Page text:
A new U.S.-Swedish cooperation aims to obtain recycling yarns from used textiles.
U.S. fiber manufacturer Eastman plans to work with Swedish textile recycler Renewcell to develop recycled yarns based on so-called circulose from used textiles, the companies announced, according to a report in Euwid. Renewcell's process will reportedly dissolve used cotton and other cellulose fibers from used textiles and production waste to produce what is known as Circulose pulp. The pulp is used by fiber manufacturers to produce staple fibers or filaments from viscose, lyocell, modal, acetate or other types of man-made cellulosic fibers, it says. These fibers would be spun into yarns, then woven or knitted into fabrics, and finally made into new high-value textile products.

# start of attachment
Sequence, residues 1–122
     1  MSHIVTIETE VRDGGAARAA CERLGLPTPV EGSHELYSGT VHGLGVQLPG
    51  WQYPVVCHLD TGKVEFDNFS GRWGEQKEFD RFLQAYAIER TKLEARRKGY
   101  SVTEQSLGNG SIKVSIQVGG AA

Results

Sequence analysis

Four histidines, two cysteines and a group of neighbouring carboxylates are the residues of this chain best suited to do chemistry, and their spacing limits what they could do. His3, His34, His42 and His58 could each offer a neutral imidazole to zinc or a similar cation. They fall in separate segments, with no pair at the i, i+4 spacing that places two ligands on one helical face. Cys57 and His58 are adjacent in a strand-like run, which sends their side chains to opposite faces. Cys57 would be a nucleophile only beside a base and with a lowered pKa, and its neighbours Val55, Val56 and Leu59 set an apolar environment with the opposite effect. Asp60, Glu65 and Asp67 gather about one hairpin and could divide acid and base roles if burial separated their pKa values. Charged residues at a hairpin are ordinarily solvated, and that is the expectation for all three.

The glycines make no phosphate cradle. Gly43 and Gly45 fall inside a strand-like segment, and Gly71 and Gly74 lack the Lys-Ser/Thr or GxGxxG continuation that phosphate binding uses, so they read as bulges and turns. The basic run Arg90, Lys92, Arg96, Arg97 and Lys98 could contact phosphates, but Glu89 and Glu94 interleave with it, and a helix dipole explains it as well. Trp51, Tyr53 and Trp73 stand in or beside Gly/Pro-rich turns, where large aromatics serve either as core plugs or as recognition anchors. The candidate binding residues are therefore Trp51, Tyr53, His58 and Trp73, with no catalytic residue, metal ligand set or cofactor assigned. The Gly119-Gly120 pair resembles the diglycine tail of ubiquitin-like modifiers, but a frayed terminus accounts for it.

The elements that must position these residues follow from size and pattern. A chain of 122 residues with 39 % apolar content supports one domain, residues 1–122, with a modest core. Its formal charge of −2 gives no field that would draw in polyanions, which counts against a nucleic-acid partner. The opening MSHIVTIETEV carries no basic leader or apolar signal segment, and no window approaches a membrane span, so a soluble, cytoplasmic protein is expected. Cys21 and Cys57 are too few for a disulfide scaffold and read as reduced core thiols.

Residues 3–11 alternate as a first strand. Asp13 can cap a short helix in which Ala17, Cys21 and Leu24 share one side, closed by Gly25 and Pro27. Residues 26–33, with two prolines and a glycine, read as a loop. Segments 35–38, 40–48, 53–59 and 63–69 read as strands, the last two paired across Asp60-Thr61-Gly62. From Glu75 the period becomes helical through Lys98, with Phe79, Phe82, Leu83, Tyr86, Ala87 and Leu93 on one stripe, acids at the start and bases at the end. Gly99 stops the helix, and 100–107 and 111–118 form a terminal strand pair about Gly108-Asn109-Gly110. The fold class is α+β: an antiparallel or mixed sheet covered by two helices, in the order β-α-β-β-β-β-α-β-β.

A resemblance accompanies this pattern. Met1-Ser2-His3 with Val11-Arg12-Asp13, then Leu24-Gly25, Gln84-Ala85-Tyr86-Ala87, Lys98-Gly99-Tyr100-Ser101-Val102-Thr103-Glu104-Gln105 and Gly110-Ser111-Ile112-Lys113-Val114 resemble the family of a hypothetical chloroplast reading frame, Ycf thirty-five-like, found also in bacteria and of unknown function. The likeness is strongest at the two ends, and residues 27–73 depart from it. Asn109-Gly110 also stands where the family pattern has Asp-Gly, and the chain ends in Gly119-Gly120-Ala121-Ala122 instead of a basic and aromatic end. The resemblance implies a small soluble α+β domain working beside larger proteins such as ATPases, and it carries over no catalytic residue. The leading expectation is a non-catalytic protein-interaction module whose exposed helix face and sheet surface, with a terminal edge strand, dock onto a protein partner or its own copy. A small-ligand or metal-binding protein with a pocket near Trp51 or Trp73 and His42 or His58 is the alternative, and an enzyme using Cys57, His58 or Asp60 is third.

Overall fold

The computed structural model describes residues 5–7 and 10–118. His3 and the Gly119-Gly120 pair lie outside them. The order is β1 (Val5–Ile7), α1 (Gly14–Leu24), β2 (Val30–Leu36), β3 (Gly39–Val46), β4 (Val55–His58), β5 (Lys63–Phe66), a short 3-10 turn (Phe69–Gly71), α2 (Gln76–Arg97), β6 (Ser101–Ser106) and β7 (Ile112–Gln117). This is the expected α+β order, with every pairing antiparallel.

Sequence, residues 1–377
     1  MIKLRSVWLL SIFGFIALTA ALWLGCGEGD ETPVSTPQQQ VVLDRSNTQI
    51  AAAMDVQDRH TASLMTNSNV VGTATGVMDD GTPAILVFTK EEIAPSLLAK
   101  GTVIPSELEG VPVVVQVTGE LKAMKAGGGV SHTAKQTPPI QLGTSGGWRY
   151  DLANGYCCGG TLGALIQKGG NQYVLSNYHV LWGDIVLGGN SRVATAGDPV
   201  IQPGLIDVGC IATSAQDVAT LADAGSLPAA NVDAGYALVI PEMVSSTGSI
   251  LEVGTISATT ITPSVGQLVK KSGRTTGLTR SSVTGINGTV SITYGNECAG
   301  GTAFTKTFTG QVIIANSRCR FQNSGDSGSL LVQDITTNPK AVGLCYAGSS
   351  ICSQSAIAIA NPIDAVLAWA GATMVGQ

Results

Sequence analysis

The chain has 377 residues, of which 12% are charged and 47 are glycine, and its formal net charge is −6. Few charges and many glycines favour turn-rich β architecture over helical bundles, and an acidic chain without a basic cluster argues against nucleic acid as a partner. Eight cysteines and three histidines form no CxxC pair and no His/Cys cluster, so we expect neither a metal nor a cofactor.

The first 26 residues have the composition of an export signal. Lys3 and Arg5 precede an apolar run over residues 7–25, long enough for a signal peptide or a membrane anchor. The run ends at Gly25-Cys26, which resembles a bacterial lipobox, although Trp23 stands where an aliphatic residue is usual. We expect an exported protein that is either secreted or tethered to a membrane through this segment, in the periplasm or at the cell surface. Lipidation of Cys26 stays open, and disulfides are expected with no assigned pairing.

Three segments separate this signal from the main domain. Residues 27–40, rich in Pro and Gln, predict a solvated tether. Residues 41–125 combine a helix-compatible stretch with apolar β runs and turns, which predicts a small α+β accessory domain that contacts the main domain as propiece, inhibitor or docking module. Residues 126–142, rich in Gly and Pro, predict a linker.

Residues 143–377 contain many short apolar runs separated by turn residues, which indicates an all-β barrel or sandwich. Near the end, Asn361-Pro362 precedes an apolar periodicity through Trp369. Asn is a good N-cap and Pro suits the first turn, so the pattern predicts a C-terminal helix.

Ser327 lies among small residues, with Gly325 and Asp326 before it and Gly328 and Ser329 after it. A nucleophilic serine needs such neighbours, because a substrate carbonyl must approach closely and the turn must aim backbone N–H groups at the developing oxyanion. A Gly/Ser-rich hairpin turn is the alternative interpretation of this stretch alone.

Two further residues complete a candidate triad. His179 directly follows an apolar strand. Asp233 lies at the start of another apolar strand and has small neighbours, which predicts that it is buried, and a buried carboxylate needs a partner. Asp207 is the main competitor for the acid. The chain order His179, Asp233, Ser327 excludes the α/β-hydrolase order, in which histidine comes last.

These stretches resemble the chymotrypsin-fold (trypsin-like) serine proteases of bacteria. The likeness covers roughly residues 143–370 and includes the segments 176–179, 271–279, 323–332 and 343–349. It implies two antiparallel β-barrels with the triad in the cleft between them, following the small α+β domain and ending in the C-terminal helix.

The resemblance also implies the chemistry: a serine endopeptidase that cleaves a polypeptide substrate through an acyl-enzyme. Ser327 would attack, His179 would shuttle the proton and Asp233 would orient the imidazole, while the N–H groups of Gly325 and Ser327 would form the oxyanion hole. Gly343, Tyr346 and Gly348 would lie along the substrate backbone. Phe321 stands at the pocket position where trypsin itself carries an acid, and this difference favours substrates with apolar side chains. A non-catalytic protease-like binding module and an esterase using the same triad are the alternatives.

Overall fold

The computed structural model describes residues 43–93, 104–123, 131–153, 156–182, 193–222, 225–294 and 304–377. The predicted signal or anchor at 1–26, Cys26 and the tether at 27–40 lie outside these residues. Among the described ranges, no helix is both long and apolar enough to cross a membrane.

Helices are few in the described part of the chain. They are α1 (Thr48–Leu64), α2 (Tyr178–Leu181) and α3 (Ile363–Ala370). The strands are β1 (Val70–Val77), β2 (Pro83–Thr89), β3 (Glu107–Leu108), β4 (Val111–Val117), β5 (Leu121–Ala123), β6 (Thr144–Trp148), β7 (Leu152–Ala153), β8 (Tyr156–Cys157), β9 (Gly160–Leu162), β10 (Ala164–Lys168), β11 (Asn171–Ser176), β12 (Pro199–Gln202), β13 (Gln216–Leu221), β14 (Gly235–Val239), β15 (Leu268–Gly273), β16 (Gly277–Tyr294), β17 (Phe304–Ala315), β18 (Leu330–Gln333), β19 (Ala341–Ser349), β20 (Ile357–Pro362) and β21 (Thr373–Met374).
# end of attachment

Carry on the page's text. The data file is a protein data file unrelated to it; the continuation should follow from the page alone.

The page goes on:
A plant for fiber recovery from used textiles by French textile recycler Renaissance Textile was started up in Laval in northwestern France, according to another report at Euwid. It was reportedly developed and installed by Andritz Laroche in close cooperation between its R&D specialists and Renaissance Textile. According to Nicolas Nojac, director of Renaissance Textile, the first recycling line is intended for white polycotton textiles, mainly from the healthcare and food industries. The line can reportedly recycle 3,000 tons of textiles, or ten million garments, per year. The company said it plans to install two more production lines by the end of 2023 and 2025, respectively, to expand the range of recycled textiles to include different colors and fibers. By 2025, Renaissance Textile aims to create around 110 new jobs as a result, is said.
- euwid-recycling.de (Nov. 15+16, 2022)
- Photo: unsplash.com